Increased response to facial attractiveness in visual areas reflects saliency, not reward
Franziska Hartung1, Anja Jamrozik, Geoffrey Aguerri1, Miriam Esther Rosen1, David B. Sarwer2, Anjan Chatterjee1; 1University of Pennsylvania, 2Temple University
Attractive faces are found to evoke larger neural responses within ventral occipito-temporal cortical areas (such as the fusiform face area) as compared to faces of average attractiveness. Whether this activity represents reward or saliency is unclear. We addressed this question by measuring neural responses to photographs of people taken before and after surgical treatment of facial disfigurement. While undergoing fMRI, participants (N=34) viewed pre and post-treatment faces. During 168 acquisitions of 5 mins 36 secs, pre and post treatment faces were presented randomly interleaved (6 seconds per face). Only the pre or post treatment image of any particular face was presented to a participant, with this assignment randomized across participants. Participants indicated by button press for each stimulus if the photograph depicted a male or female face. We found that images of facial disfigurement, as compared to images of the same faces after surgical treatment, evoked significantly greater neural responses within ventral occipito-temporal cortex, consistent with the hypothesis that face processing areas respond automatically to the salience of faces, rather than attractiveness per se. A relative decrease in neural response to disfigured faces was found in the medial prefrontal cortex, an area associated with social cognition. We speculate that this response reflects inhibition of mentalizing and emotional processing. Given the behavioral finding that people with facial disfigurement are perceived to have less positive personality characteristics we plan to investigate if the suppression of medial prefrontal cortex represents a neural marker of mechanisms underlying the dehumanization of people with disfigured faces.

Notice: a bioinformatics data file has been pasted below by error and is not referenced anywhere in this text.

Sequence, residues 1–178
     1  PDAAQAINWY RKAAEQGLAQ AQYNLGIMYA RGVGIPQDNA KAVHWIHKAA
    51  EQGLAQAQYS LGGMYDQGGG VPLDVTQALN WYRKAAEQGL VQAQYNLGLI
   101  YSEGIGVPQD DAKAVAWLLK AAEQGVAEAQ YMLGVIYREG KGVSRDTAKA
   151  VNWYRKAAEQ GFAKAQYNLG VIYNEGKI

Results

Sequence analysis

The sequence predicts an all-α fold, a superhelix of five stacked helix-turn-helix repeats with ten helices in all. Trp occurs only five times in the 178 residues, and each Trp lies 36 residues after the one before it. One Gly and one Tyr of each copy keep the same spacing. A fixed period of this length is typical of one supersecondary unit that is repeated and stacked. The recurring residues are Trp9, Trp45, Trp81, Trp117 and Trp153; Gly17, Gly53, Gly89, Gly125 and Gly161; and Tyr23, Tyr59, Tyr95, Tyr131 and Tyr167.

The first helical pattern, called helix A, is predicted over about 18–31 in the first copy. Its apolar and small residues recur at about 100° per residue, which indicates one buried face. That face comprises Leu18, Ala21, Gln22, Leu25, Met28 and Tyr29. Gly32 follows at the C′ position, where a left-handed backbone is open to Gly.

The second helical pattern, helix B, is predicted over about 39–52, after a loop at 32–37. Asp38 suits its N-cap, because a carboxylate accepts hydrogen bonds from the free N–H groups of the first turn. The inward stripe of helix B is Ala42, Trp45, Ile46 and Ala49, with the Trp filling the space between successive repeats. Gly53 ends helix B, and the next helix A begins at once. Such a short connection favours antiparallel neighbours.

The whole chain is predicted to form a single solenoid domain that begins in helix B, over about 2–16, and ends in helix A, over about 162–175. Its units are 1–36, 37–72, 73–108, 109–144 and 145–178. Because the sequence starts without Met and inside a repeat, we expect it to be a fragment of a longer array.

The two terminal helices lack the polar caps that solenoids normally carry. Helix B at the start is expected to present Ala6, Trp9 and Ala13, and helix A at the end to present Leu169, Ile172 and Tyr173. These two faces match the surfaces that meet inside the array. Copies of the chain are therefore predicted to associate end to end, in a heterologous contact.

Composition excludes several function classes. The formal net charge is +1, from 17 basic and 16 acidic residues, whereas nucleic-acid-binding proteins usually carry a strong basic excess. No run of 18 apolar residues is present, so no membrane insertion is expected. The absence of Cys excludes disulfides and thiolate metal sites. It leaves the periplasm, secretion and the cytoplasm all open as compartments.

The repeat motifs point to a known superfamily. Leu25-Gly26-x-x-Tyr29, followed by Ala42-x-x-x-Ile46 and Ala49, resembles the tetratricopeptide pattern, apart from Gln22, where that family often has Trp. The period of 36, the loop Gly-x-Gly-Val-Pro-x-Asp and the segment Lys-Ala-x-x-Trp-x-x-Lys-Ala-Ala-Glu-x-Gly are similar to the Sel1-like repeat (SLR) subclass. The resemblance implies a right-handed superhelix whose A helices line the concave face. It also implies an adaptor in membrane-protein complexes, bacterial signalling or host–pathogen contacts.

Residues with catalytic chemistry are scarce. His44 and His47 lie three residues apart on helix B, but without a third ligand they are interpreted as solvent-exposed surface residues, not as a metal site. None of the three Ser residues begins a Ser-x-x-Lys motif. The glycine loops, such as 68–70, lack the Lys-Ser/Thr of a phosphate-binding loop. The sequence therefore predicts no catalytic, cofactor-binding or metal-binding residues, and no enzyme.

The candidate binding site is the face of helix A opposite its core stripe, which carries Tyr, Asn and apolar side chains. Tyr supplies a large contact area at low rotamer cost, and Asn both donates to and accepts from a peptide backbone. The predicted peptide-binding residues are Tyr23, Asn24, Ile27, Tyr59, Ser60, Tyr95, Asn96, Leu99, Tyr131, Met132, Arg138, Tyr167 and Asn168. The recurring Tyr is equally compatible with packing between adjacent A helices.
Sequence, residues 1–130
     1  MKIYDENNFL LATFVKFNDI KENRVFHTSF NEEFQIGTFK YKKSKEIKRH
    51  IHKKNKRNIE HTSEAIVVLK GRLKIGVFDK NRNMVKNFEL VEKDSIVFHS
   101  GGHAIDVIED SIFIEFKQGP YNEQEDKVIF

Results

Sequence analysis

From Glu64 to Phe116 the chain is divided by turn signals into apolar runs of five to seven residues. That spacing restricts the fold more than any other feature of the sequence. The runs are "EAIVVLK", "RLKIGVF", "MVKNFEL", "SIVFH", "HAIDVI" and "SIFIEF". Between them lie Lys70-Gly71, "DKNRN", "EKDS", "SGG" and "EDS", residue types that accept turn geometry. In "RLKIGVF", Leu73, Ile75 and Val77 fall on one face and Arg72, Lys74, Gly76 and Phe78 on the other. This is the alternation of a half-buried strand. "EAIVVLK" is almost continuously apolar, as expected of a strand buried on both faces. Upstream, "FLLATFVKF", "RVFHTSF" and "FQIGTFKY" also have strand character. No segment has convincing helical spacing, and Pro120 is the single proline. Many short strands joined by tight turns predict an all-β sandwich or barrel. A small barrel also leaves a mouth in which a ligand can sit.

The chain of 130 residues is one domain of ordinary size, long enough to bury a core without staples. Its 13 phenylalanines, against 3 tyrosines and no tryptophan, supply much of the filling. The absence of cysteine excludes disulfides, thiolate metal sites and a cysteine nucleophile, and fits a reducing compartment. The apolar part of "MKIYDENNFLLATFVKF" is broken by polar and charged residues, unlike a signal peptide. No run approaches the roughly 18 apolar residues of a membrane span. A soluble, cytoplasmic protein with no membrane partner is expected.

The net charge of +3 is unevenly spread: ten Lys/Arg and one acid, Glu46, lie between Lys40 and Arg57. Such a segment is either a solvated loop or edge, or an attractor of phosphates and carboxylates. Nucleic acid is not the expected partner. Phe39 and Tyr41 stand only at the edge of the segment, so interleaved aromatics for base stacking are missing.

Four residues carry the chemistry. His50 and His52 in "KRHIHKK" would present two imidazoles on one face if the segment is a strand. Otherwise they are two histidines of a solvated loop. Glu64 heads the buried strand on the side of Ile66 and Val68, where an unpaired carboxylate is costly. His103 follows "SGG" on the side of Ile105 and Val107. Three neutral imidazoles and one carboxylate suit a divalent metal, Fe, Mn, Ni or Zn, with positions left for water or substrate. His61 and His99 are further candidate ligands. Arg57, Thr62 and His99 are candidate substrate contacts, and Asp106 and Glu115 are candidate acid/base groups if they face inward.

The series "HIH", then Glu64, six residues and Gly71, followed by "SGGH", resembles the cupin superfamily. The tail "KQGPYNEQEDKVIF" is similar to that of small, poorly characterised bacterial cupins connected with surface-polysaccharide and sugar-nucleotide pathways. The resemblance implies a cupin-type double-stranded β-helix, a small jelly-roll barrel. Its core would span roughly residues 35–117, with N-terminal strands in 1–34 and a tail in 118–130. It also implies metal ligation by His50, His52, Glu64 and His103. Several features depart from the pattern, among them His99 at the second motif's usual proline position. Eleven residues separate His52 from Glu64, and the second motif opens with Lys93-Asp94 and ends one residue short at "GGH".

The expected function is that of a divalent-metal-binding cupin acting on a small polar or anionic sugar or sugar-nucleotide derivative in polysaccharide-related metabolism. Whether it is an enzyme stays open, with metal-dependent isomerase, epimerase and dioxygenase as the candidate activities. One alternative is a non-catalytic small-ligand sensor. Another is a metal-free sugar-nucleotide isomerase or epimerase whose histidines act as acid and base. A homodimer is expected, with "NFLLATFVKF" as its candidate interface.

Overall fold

Topic Area: EMOTION & SOCIAL: Person perception